Transforming assessment and teaching practices in science inquiry

Serret, N. ORCID: 0000-0002-8105-1699, Harrison, C., Correia, C. and Harding, J., 2017. Transforming assessment and teaching practices in science inquiry. Journal of Emergent Science (JES) (12), pp. 48-54. ISSN 2046-4754

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ASSISTME (Assessing Inquiry in Science, Technology, and Mathematics Education) is an EU FP7 research project. In collaboration with 8 European countries, this fouryear (20132017) project aims to find out how to support primary and secondary teachers in the formative assessment of inquirybased learning in science, technology and mathematics.
Within this context, we developed a professional development programme that aimed to support primary teachers in their teaching and assessment of science inquiry. Our research aims to investigate how teachers transform their teaching of science inquiries and the assessment conversations that they have during classroom inquiries. This paper begins to identify what kinds of professional development experiences enable this transformation to take place.
Our data sources include written teacher reflections, audiorecordings of the professional development meetings and observed lessons and semistructured postlesson interviews. We draw from a multistep, opencoding analysis of selected transcripts of the audiorecordings of classroom talk made during lesson observations. We substantiate this with teacher reflections, arising from the professional development sessions, to extend our understanding of effective ways to guide teachers in transforming their teaching and assessment practices in scientific inquiry.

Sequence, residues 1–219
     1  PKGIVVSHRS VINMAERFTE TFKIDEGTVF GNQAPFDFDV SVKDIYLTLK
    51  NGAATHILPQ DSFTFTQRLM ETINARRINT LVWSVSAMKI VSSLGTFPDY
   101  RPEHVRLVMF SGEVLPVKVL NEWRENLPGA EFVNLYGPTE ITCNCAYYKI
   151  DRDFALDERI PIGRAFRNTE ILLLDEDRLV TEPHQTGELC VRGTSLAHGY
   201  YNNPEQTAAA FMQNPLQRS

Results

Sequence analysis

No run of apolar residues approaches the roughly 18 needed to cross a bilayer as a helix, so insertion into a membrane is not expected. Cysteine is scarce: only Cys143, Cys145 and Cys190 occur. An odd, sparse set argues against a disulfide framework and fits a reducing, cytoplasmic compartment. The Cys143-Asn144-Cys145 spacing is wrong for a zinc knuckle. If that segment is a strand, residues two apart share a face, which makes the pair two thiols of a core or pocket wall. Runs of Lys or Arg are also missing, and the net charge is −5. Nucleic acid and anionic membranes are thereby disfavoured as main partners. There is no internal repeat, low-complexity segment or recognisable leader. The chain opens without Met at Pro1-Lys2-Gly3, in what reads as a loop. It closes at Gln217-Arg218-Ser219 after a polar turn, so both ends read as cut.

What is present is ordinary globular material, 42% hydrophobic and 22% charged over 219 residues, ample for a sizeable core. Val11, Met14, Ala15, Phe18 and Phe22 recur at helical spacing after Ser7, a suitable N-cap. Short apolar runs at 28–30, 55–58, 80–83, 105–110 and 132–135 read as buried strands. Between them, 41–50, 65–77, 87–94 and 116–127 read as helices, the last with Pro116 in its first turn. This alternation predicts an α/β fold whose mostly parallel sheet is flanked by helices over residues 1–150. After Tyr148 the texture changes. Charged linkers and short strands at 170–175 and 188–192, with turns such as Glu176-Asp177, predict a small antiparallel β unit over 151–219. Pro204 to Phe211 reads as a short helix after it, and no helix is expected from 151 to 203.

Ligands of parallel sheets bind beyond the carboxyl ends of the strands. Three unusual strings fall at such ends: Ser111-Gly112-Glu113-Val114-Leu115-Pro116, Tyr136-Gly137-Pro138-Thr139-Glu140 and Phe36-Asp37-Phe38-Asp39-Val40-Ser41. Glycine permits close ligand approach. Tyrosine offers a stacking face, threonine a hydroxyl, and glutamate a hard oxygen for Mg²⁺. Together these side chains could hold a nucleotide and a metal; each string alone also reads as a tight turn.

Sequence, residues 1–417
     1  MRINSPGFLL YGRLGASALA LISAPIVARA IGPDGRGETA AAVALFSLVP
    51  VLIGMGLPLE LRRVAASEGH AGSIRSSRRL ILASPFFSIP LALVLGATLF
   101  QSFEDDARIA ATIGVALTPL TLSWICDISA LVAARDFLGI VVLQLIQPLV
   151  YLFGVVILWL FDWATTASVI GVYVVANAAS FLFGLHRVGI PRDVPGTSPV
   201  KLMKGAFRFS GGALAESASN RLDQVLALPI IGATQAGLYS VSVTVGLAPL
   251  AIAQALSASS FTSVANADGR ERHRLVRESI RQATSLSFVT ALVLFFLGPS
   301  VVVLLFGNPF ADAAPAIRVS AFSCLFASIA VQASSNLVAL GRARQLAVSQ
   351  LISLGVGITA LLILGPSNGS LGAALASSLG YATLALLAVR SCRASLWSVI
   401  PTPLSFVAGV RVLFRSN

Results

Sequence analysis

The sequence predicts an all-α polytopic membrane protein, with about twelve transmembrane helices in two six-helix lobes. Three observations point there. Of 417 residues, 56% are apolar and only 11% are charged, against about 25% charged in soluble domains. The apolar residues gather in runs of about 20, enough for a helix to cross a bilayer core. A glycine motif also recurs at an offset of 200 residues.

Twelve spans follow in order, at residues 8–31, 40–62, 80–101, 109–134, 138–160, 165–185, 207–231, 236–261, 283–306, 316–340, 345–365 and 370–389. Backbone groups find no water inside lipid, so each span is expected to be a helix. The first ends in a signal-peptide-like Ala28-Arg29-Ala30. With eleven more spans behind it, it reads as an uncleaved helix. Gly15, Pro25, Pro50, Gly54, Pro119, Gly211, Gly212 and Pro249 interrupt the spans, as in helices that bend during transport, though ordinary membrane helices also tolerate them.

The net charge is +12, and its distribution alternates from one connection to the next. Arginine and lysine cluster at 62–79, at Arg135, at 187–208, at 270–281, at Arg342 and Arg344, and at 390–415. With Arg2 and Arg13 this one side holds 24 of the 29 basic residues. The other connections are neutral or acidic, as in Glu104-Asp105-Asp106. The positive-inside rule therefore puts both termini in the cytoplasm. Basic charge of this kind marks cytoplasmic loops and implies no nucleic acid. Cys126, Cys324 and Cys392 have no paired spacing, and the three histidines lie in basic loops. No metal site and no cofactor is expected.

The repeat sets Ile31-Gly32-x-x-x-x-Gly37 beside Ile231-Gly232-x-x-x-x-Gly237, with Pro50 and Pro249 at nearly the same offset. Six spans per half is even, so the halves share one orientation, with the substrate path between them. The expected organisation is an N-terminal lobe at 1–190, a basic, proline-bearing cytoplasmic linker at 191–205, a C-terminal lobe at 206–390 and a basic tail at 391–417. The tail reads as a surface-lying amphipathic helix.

Our preliminary analysis suggests that transforming the assessment and teaching of science inquiry requires some specific professional development opportunities. Sharing some examples of classroom inquiries that were bounded, initially, and then later open (Wenning, 2005) gave teachers the confidence to incorporate inquiry within their existing practice. This was introduced in conjunction with regular professional reading (Turner et al, 2011) and a focus on discrete inquiry skills (e.g. making predictions).
Collectively, this allowed teachers to sharpen their professional understanding of classroom inquiry. The critical teacher reflections, made during professional development days, supported teachers in refining their formative practice. Their assessment conversations went beyond accepting or rejecting answers and, instead, facilitated a more open and formative discussion that encouraged children to share their ideas with others.

Item Type: Journal article
Description: Special edition
Publication Title: Journal of Emergent Science (JES)
Creators: Serret, N., Harrison, C., Correia, C. and Harding, J.
Publisher: Association for Science Education
Date: 2017
Number: 12
ISSN: 2046-4754
Divisions: Schools > School of Education
Record created by: Linda Sullivan
Date Added: 25 Sep 2017 14:15
Last Modified: 09 Oct 2017 13:38

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